Orange, date and almond salad a perfect recipe for the Jewish holiday of Tu B'Shevat
Mary Bilyeu | Contributor
Tu B'Shevat [TOO bay shuh-VAHT] — the Jewish New Year of the Trees — began at sundown last night and continues through today. It is traditional to celebrate the holiday by having a tree planted in Israel; by eating a new fruit; or by holding a seder in which specific fruits are eaten in a particular order, along with the recitation of blessings.
It is also customary to enjoy dried fruits and nuts — such as figs, apricots, pecans, walnuts, etc. — although eating any type of fruit is a lovely way to acknowledge the beauty and bounty of trees.
According to MyJewishLearning.com: "The Bible expresses a great reverence for fruit trees as symbols of God's... beneficence. Special laws were formulated to protect (them) in times of war and ensure that the produce of trees would not be picked until the trees were mature enough and tithes were given from them." Respect for trees and care for the environment are deeply ingrained in Judaism.
Just because the recipe for today's salad is ridiculously simple and only requires four ingredients, don't underestimate the impact of its taste! The brightness of the oranges, the sweetness of the dates, the tartness of the pomegranate molasses ... it's an intensely flavorful combination. And the almonds contribute a lovely crunch to contrast with the softness of the fruits.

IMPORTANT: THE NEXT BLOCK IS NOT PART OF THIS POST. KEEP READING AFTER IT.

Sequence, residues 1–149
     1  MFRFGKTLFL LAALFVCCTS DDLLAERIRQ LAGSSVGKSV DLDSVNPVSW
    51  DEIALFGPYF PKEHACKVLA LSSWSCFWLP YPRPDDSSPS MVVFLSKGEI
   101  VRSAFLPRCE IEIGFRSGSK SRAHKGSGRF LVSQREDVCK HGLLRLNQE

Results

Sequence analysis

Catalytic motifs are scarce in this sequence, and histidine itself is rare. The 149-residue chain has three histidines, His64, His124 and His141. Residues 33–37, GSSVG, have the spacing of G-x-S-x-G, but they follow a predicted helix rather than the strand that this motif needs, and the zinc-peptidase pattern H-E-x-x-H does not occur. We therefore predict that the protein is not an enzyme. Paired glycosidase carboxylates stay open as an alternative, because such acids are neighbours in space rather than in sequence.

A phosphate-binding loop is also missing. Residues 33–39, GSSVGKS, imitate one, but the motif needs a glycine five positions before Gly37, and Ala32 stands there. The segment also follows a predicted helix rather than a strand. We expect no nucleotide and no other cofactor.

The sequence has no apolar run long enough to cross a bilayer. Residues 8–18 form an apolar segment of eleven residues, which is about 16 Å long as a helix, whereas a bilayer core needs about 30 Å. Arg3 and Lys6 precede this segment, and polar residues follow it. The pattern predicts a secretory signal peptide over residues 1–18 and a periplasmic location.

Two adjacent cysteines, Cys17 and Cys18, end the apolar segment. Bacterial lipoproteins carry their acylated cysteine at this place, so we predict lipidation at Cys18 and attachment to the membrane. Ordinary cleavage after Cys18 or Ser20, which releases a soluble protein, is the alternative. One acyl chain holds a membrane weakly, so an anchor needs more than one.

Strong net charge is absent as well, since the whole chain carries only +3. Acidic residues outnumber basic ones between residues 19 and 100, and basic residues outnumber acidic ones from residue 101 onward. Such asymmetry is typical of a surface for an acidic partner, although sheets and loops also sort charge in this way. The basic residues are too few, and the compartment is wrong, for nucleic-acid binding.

In honor of Tu B'Shevat, you can serve the Orange, Date and Almond Salad featured below which showcases the glorious produce of trees. You could also offer some other dishes which feature a variety of delicious fruits and nuts, such as olives, lemons, cherries, chocolate, oranges, quince, bananas, hazelnuts and more:
Orange, Date and Almond Salad
4 large oranges
3/4 cup pitted dates, chopped
1/3 cup almonds, lightly toasted, chopped
3 tablespoons pomegranate molasses
Cut the ends off the oranges, then stand them upright and slice off the peels. Turn the oranges on their sides and cut into thick slices, then place onto a serving dish.
Sprinkle the dates and almonds over the oranges.
Drizzle the pomegranate molasses over everything.
Mary Bilyeu writes about her adventures in the kitchen - making dinner, celebrating holidays, entering cooking contests ... whatever strikes her fancy. She is also on a mission to find great deals for her Frugal Floozie Friday posts, seeking fabulous food at restaurants on the limited budget of only $5 per person. Feel free to email her with questions or comments or suggestions: email@example.com.
You should also visit Mary's blog — Food Floozie — on which she enthuses and effuses over all things food-related. The phrase "You Should Only Be Happy" (written in Hebrew on the stone pictured in this post) comes from Deuteronomy 16:15 and is a wish for all her readers - when you come to visit here, may you always be happy.
The phrase "You Should Only Be Happy" (written in Hebrew on the stone pictured in this post) comes from Deuteronomy 16:15 and is a wish for all her readers - when you come to visit here, may you always be happy.